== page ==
Snake pickled in wine bites Chinese woman
Everyone has heard of the worm at the bottom of a bottle of mezcal that is supposedly believed to contain aphrodisiac and hallucinogenic properties, but the worm larva doesn’t come out of the bottle to bite you.
In China and some Southeast Asian countries some people use traditional snake wine called shejiu, that involves distilling a venomous snake in alcohol to cure various health ailments and is said to boost low libido and also longevity.
The poisonous snake is left in the alcohol to ferment and break up its curative properties.
However, in some cases the snake decides not to co-operate, and instead of pickling, the snake is able to survive by going into a state of hibernation by lowering its metabolism and heart rate, as one Chinese woman found out when she decided to pour herself a shot of three month old 'medicinal' wine.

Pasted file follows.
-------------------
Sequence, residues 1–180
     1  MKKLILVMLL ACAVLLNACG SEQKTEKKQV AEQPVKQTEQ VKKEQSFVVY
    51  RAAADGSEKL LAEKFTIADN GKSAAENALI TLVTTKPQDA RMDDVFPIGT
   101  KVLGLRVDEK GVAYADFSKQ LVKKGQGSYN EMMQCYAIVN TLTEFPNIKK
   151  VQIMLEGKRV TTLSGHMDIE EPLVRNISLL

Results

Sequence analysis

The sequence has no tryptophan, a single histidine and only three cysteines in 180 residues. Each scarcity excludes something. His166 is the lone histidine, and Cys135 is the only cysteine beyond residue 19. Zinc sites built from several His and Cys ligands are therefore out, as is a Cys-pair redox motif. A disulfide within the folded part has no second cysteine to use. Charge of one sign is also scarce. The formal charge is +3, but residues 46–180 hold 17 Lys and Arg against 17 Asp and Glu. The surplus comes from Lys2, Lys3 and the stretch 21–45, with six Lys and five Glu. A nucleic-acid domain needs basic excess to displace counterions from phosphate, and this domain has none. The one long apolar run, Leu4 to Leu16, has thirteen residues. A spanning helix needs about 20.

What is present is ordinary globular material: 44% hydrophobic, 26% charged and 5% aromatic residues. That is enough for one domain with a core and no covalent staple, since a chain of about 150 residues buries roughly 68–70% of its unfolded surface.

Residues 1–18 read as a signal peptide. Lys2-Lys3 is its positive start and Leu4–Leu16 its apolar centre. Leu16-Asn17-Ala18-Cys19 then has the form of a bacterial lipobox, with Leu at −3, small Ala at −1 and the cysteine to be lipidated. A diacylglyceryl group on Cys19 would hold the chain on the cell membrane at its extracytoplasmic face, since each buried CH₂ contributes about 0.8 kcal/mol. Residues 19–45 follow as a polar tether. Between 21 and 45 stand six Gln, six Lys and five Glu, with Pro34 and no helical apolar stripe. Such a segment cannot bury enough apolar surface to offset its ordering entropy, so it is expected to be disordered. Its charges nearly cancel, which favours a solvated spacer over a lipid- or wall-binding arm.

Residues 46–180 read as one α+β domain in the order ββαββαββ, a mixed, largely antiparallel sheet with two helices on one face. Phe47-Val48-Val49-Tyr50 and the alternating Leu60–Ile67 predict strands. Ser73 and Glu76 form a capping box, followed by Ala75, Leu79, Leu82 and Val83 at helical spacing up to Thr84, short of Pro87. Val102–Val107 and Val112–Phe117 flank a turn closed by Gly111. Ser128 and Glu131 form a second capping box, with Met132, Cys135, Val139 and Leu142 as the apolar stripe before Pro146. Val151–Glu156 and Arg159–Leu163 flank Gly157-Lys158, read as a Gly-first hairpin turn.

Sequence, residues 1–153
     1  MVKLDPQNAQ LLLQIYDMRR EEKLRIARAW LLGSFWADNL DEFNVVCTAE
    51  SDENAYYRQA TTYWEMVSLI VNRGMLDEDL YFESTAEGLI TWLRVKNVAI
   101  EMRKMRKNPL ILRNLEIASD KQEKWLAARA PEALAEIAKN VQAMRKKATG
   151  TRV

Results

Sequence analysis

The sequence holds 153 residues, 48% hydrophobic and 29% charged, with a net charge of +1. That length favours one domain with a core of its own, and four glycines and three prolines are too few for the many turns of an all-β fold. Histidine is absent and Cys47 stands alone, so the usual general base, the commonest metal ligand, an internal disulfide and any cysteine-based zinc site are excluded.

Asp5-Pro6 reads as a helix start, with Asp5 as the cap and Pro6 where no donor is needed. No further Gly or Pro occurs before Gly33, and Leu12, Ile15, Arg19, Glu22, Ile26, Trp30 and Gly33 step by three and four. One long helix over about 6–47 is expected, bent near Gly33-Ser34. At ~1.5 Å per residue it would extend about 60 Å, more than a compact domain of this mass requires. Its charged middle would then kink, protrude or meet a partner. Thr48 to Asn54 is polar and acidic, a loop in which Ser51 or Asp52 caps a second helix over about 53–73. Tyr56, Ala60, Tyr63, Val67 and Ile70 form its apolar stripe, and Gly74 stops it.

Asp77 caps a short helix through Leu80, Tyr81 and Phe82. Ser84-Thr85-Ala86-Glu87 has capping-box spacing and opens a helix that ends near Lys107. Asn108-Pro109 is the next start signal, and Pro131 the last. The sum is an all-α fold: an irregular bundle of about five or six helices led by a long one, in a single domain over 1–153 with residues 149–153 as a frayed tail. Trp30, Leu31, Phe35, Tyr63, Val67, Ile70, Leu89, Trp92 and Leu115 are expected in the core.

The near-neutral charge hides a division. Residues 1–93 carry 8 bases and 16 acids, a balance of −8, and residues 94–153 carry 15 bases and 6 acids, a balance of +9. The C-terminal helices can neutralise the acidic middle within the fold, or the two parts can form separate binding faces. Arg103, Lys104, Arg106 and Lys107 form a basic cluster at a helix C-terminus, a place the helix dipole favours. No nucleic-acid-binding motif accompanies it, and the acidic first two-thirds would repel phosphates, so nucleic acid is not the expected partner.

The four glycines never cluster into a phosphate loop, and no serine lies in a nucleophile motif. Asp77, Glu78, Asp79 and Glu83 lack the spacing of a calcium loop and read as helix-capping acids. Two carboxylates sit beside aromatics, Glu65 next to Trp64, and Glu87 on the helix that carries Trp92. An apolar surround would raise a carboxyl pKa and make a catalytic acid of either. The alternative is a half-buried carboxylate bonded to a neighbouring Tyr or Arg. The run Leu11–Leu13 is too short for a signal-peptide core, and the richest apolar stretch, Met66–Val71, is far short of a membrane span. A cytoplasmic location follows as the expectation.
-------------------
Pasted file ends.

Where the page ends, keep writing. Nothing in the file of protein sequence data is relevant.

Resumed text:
The woman that was identified as Liu from Shuangcheng in Heilongjiang Province, was using the pickled snake to treat her rheumatism, and was bit on the finger when the snake tried to escape, as she opened the bottle of wine to add more alcohol to it.
“Before the shejiu could have any effect on me I was sent to the hospital for a snake bite,” said the woman who had to be treated with an anti-venom antidote to The Global Times, a state-run Chinese newspaper
It seems that this particular viper was able to remain alive for so long, because the container in which it was being pickled was not completely airtight.
This is not the first incidentof a pickled snake being reported as coming back to life.
One Mr. Zhang of Hubei Province was bitten by a snake in 2009 that had been preserved in a bottle of rice wine for two months, and in 2001, a villager from Guangxi Zhuang died a day after being bitten from a pickled snake.